In the case of Ms. Maloney, Mr. Millard likes to recall the complaints she made in 1992 against the incumbent she unseated, Republican Rep. Bill Green.
"Bill Green says he's squeaky clean -- but he still takes PAC money and uses tax dollars to finance constituent newsletters," said a 1992 Maloney campaign piece. "Bill Green's record proves he's just another politician."
Now, Ms. Maloney, like Mr. Fingerhut a former official with the reform group Common Cause, is among the leading recipients of money from political action committees. She is also using tax dollars to finance newsletters.
"That quote about Green was taken out of context," said Marshall Miller, a spokesman for Ms. Maloney. He said the congresswoman never advocated a ban -- only limits -- on PAC contributions. Further, Mr. Miller said, the congresswoman stopped sending newsletters in February to avoid the appearance of political abuse.
Freshmen Reps. Karan English of Arizona and Leslie Byrne of Virginia are both being criticized by their Republican opponents for opposing a motion to apply the 1993 Family and Medical Leave Act to congressional workers. In fact, the law already applied to congressional workers, and the motion was a Republican procedural trick.
But with an electorate that seems impatient with politicians, such explanations are difficult to get across.
"We seem to be going through a kind of spasm," said Stuart Rothenberg, a political analyst. "I don't think the public wants to give any incumbent the benefit of the doubt."
In the case of some Democratic incumbents, the simple act of having supported President Clinton on his controversial budget package last year is enough for challengers to charge the incumbent Congress member has sold out to the system.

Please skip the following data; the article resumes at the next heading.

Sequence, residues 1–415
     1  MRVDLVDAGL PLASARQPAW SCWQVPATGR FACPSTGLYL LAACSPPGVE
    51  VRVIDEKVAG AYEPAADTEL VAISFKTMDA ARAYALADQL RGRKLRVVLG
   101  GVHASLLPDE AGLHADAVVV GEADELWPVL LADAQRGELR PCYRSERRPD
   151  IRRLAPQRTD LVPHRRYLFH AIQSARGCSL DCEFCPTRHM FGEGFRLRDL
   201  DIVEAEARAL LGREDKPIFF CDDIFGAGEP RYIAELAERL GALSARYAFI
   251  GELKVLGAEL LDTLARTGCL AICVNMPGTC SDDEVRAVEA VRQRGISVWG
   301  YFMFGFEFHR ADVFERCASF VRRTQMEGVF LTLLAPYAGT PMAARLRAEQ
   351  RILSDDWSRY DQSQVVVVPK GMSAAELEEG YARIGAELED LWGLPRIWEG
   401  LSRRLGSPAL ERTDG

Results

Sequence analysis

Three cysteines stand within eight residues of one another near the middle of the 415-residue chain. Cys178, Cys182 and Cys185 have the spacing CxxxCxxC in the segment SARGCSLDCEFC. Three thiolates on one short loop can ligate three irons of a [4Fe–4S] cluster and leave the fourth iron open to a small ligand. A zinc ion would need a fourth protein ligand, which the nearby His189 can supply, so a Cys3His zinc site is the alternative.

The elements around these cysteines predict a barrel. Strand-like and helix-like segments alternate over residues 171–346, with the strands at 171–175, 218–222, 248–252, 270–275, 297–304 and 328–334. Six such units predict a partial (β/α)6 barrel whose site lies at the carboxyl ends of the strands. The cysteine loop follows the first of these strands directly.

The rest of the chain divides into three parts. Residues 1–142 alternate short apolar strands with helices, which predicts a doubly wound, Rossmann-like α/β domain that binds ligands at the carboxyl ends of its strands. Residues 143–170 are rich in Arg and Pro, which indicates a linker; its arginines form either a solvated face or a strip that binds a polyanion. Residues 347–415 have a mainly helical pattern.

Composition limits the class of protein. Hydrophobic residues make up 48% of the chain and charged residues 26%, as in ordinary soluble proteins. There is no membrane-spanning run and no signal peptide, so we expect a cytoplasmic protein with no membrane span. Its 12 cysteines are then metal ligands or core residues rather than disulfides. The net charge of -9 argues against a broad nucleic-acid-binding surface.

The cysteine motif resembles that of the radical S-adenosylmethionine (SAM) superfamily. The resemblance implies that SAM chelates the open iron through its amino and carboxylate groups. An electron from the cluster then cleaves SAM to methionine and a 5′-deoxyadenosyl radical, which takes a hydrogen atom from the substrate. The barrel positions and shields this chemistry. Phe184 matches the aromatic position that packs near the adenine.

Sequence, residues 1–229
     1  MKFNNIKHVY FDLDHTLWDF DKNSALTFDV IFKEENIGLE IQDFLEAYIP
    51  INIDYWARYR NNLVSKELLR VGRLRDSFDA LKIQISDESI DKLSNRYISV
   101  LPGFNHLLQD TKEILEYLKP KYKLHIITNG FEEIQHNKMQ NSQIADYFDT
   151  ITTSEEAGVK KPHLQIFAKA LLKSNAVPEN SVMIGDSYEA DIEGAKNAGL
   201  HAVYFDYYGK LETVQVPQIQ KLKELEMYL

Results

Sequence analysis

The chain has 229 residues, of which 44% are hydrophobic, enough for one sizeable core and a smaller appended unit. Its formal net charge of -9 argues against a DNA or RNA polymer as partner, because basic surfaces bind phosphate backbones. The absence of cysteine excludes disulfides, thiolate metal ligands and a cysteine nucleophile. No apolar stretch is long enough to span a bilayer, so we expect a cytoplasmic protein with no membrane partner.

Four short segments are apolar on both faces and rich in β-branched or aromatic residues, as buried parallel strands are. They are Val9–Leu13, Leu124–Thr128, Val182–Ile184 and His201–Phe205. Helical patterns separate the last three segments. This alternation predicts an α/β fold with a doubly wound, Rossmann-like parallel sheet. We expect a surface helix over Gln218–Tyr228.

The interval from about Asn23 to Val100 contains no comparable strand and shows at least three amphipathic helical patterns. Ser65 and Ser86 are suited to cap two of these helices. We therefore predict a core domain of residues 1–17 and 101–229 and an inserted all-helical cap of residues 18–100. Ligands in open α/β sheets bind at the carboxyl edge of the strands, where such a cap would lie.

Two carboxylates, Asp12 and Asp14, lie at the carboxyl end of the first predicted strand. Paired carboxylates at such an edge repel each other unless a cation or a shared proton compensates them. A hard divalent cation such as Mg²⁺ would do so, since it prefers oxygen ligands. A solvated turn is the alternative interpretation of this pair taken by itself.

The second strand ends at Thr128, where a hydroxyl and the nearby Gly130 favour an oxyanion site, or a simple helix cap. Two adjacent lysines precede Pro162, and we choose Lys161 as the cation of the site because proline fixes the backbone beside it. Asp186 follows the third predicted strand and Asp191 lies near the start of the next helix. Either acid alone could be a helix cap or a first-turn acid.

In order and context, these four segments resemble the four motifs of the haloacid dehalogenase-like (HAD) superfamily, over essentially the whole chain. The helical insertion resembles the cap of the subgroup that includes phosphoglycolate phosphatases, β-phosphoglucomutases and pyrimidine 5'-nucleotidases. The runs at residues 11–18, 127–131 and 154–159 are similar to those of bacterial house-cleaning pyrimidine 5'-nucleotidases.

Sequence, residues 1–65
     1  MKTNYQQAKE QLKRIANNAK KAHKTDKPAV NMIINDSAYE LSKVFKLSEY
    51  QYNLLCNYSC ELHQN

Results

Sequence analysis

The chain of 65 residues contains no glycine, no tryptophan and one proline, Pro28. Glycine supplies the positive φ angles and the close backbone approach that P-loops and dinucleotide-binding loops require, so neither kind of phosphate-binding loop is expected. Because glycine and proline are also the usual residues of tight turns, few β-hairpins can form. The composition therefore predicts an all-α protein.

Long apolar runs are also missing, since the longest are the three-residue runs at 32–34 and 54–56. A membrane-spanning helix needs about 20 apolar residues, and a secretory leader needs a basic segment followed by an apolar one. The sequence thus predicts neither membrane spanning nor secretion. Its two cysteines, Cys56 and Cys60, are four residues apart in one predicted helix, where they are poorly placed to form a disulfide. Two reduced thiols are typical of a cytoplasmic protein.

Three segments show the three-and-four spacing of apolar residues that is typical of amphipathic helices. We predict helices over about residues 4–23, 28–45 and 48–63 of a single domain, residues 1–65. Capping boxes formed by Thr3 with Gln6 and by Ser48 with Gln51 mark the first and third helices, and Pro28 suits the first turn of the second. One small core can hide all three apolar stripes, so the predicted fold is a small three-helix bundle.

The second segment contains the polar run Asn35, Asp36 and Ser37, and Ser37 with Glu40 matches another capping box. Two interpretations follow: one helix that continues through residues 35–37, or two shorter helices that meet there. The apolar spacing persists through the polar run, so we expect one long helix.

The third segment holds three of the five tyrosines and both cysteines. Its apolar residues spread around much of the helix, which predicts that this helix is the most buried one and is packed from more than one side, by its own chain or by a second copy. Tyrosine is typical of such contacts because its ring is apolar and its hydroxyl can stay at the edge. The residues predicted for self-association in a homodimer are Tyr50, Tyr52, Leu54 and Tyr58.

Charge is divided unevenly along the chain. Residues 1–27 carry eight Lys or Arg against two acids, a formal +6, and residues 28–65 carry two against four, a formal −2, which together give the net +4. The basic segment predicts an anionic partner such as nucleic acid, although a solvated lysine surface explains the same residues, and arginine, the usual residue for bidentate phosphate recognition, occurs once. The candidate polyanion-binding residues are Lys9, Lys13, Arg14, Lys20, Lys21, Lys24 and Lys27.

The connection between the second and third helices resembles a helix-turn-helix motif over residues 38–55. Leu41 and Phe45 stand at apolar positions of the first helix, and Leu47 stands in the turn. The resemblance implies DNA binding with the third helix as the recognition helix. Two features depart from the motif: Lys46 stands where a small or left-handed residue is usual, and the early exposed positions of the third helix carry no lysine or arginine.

The best-known example is Rep. Marjorie Margolies-Mezvinsky, the Pennsylvania Democrat who announced she would vote against the budget, then cast the deciding vote in favor of it after Mr. Clinton had put enormous pressure on her.
But in congressional districts throughout the nation nearly every Democrat who supported that budget bill is being blamed for casting the deciding vote.
"I told President Clinton before the vote that it would probably mean I wouldn't be back," said Rep. Bart Stupak, a freshman Democrat from Michigan, who is now being accused by his opponent, businessman Gil Ziegler, of having raised taxes on senior citizens. "But I still think I did what was right for my district because most people got a tax cut."
Republican freshmen are fewer than Democrats, and generally in safer districts. But some were also elected on reform platforms that have come back to haunt them. One of the three most endangered Republican freshmen is Jay Dickey of Arkansas, perhaps the only state where opposition to the Clinton agenda is a handicap.
"Jay Dickey is the kind of politician who says one thing when he's here at home and does another when he's in Washington," charged Brian Bond, campaign manager for Mr. Dickey's opponent, Democratic state Sen. Jay Bradford.
To neutralize this poisonous atmosphere, most freshmen are turning to the tactic of telling voters about the local issues they promoted while in Washington.
For example, Rep. Earl Pomeroy, a North Dakota Democrat, talks about his efforts to reshape the Clinton health care proposal along the lines of "North Dakota" values. But since the health care initiative collapsed, it's difficult for him to point to any concrete action.
"I have been surprised at how hard it is to communicate to your constituents about what you've actually done," Mr. Pomeroy lamented.